Authenticity an opportunity for business success

27/08/2019 - 08:54

All businesses have a purpose to grow and be profitable, but consumers are increasingly demanding companies commit to more than their bottom line for the benefit of society.

Authenticity an opportunity for business success
Nick Bayes says a strong purpose and strong values result in a successful business. Photo: Gabriel Oliveira

All businesses have a purpose to grow and be profitable, but consumers are increasingly demanding companies commit to more than their bottom line for the benefit of society.

That’s the view of one of Western Australia’s most prominent advertising executives, The Brand Agency’s managing director, Nick Bayes.

Mr Bayes told Business News an ever-increasing element of branding and advertising for The Brand Agency’s clients was to embrace a purpose outside of the core operation of business, which for any company was to be profitable.

“It’s not enough to have a good product or service any more, people are looking for something more than that,” he said.

“It’s the biggest opportunity for any organisation to have a point of difference.”

A commitment to values and purpose, Mr Bayes said, was something that’s been embraced by The Brand Agency itself, which operates on a philosophy of ‘opportunity today, prosperity tomorrow’.

He said the agency’s overarching purpose was to build strong brands that would in turn bring prosperity to the wider community.

“There is no point advising our clients on that unless we do it ourselves,” Mr Bayes said.

“If you’ve got a strong brand, a strong purpose and strong values, you’ll have a successful business, as long as it’s authentic.”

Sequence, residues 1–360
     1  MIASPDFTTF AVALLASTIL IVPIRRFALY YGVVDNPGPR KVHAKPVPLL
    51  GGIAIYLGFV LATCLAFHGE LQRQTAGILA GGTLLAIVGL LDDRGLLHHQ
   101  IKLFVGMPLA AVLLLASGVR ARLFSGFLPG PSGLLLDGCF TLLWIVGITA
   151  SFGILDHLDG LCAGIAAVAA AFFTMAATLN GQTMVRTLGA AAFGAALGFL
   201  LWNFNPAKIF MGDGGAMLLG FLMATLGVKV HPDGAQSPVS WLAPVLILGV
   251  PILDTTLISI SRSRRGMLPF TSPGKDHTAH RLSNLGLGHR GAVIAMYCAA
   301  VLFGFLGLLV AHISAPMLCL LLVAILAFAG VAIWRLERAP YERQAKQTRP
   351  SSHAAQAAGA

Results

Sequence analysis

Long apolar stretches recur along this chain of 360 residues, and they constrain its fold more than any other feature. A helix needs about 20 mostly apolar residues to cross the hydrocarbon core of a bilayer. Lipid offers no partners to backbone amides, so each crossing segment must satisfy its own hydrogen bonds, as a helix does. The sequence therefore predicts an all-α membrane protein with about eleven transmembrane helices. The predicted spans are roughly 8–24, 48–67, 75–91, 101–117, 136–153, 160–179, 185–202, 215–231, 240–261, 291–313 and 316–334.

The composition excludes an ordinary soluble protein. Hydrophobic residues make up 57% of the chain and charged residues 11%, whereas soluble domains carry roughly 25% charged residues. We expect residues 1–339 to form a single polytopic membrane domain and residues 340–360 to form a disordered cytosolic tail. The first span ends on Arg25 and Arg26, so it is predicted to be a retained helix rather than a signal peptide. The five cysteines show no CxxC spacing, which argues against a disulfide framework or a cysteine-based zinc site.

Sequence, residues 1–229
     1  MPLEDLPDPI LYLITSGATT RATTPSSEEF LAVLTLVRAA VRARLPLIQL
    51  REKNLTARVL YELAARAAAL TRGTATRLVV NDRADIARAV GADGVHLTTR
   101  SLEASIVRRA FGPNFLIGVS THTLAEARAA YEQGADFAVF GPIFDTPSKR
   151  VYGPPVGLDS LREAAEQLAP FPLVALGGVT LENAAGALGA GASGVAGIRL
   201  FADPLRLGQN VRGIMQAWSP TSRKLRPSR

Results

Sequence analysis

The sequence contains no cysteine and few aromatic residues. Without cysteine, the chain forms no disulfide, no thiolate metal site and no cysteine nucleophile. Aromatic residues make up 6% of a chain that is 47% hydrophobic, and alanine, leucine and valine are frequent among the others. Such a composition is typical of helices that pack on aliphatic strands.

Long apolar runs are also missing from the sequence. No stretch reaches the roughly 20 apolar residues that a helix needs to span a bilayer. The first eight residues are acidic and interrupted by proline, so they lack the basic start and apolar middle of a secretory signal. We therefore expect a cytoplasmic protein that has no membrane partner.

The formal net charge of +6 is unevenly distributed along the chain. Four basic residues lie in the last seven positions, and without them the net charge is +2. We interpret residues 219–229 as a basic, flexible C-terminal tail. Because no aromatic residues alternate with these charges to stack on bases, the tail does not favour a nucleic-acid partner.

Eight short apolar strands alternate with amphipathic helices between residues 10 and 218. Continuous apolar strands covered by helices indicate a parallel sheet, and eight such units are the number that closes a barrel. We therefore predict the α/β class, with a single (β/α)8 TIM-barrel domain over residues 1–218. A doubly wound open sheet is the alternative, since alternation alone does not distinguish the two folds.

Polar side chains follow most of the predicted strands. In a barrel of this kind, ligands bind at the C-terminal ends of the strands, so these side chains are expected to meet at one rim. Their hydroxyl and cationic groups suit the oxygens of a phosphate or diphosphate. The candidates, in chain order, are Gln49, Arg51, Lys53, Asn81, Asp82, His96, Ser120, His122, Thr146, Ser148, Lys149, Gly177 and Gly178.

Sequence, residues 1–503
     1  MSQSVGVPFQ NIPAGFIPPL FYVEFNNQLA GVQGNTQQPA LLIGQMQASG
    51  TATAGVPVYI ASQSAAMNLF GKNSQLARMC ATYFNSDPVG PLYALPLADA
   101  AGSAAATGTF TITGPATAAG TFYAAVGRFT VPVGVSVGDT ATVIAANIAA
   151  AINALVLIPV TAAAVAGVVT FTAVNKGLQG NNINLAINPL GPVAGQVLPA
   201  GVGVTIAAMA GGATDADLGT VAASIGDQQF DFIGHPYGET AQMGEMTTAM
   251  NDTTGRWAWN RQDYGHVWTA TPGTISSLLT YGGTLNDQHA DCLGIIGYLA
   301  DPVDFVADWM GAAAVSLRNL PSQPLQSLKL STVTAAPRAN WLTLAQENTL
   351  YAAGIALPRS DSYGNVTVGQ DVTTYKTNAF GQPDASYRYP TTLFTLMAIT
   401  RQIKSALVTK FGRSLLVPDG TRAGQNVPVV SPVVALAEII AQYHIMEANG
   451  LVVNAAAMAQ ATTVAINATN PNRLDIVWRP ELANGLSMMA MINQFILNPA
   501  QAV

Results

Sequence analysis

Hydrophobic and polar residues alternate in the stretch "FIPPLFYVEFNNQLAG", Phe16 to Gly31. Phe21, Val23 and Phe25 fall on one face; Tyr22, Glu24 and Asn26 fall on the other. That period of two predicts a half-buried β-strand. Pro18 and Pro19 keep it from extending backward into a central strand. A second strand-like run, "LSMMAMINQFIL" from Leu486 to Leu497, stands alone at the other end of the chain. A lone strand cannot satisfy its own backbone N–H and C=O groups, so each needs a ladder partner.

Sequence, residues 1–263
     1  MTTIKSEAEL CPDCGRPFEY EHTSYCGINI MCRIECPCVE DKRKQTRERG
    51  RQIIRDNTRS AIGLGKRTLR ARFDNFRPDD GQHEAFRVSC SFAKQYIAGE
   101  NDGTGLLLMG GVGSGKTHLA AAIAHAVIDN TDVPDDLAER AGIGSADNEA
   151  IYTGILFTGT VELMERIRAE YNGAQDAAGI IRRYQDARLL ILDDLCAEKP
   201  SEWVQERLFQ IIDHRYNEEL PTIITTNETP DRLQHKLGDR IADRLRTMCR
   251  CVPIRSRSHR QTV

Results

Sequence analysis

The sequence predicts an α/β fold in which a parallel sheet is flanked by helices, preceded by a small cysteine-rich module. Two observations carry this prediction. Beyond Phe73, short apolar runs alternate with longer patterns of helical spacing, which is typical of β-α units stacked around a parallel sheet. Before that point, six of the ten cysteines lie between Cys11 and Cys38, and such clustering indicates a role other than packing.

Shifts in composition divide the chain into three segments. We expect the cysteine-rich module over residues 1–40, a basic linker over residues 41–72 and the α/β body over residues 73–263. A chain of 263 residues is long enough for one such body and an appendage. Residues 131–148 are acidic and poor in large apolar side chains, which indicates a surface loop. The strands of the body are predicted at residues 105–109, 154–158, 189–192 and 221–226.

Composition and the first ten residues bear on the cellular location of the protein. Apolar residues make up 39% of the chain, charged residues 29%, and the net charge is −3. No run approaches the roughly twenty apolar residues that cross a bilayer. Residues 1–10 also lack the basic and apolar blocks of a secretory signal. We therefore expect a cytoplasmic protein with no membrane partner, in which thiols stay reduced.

In today’s uncertain and turbulent global business and political environments, which Mr Bayes described as a “believability crisis”, trust had become paramount for business success.

“People are looking out for organisations or brands to fill that gap a little bit, actually stand for something and actually provide a level of trust that they may be not getting from those bodies that they are used to getting it from,” he said.

“That’s a real opportunity for organisations to actually stand for something and advocate on behalf of their customers, and people want them to do that, and they’re looking for them to do so.

“The brands that are brave are the ones that are winning, because they are standing for something.

“Because of the rise of the likes of (Donald) Trump and Clive Palmer, fake news and all that, people are a bit scarred. 

“People are probably more loyal to their smartphone brand than they might be to a political party. Which is an opportunity.”
However, Mr Bayes cautioned that embracing a purpose was not simply about choosing a cause at random – it needed to resonate with their goals as a business.

“I’d like to see organisations think more about how they are spending money to align with who they are and what they want to achieve as a business rather than just sponsoring a sports team or something similar,” he said. 

“That is great for some brands, but not all. 

“Most companies need to really bring it back to what you stand for as a business, what your true purpose is and then spend the money to align with that.”

Mr Bayes said a local example of a company embracing its roots through its corporate social responsibility activities was insurance provider RAC, a company which The Brand Agency does not count as a client.

The RAC of course was established to provide roadside assistance to its members, and while its suite of services had evolved to include insurance, finance and vehicle maintenance, Mr Bayes said the organisation’s social activities remained true to the company’s identity. 

“It’s about being believable, being true to who you are as a business that defines what you need to do from a corporate social responsibility perspective,” he said.

“I think the RAC, one of Western Australia’s heritage brands, stay true to who they are. 

“They are a motoring organisation, yes they have diversified into other areas, but they make WA a better place based around the permission that their members give them to advocate around mobility.

“They don’t advocate for orangutans in Indonesia, that’s a very important issue but it’s not for RAC. 

“They know who they are as a brand and they do it well, and they have an effect through all of the programs they

“They are a shining example of what they do well.”


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